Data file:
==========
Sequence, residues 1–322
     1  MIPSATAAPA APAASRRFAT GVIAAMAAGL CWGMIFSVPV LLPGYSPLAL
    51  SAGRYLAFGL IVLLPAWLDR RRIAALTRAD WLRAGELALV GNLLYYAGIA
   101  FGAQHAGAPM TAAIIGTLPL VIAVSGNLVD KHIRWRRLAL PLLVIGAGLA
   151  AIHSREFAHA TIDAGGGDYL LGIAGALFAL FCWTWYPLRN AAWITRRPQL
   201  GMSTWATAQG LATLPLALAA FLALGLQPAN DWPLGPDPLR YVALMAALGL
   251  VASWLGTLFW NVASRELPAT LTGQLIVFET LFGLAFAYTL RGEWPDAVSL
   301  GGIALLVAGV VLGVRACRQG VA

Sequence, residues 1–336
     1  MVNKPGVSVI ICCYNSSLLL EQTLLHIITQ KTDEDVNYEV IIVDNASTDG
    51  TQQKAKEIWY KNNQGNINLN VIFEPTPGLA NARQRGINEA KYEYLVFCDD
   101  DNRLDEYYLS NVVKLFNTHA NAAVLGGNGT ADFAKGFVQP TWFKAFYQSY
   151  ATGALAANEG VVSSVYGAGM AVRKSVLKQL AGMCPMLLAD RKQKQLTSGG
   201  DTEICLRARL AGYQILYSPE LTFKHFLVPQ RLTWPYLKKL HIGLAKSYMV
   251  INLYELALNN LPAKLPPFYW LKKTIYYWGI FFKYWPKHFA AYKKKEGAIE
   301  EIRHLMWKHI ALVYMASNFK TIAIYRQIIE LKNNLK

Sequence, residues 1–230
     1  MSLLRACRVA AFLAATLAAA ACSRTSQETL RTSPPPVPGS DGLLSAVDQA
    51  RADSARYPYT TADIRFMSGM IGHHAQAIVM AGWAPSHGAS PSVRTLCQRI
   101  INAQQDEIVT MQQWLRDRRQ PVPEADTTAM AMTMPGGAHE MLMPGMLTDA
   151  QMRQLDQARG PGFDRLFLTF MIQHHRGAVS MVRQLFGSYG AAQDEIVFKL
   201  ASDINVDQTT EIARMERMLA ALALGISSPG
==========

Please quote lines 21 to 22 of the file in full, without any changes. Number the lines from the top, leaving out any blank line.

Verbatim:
   151  QMRQLDQARG PGFDRLFLTF MIQHHRGAVS MVRQLFGSYG AAQDEIVFKL
   201  ASDINVDQTT EIARMERMLA ALALGISSPG